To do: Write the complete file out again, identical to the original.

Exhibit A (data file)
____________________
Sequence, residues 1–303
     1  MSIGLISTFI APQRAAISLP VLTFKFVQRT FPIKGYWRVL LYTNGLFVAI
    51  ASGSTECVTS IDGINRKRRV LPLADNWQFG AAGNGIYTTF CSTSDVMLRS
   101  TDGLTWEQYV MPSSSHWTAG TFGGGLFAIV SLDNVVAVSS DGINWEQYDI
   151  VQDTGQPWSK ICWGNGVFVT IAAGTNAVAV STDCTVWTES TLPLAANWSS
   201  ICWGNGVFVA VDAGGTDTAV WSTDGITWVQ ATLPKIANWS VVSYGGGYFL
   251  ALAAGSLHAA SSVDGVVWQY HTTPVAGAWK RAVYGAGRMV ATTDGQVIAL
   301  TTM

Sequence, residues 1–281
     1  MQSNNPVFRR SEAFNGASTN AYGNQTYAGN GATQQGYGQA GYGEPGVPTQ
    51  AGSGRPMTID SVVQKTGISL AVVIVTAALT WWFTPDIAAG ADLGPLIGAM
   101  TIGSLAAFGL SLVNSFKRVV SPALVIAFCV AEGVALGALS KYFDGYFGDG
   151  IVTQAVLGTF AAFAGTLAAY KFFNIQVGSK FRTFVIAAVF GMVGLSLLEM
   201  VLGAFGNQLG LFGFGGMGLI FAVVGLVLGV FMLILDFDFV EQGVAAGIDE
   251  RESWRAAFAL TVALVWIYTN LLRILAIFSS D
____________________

Sequence, residues 1–303
     1  MSIGLISTFI APQRAAISLP VLTFKFVQRT FPIKGYWRVL LYTNGLFVAI
    51  ASGSTECVTS IDGINRKRRV LPLADNWQFG AAGNGIYTTF CSTSDVMLRS
   101  TDGLTWEQYV MPSSSHWTAG TFGGGLFAIV SLDNVVAVSS DGINWEQYDI
   151  VQDTGQPWSK ICWGNGVFVT IAAGTNAVAV STDCTVWTES TLPLAANWSS
   201  ICWGNGVFVA VDAGGTDTAV WSTDGITWVQ ATLPKIANWS VVSYGGGYFL
   251  ALAAGSLHAA SSVDGVVWQY HTTPVAGAWK RAVYGAGRMV ATTDGQVIAL
   301  TTM

Sequence, residues 1–281
     1  MQSNNPVFRR SEAFNGASTN AYGNQTYAGN GATQQGYGQA GYGEPGVPTQ
    51  AGSGRPMTID SVVQKTGISL AVVIVTAALT WWFTPDIAAG ADLGPLIGAM
   101  TIGSLAAFGL SLVNSFKRVV SPALVIAFCV AEGVALGALS KYFDGYFGDG
   151  IVTQAVLGTF AAFAGTLAAY KFFNIQVGSK FRTFVIAAVF GMVGLSLLEM
   201  VLGAFGNQLG LFGFGGMGLI FAVVGLVLGV FMLILDFDFV EQGVAAGIDE
   251  RESWRAAFAL TVALVWIYTN LLRILAIFSS D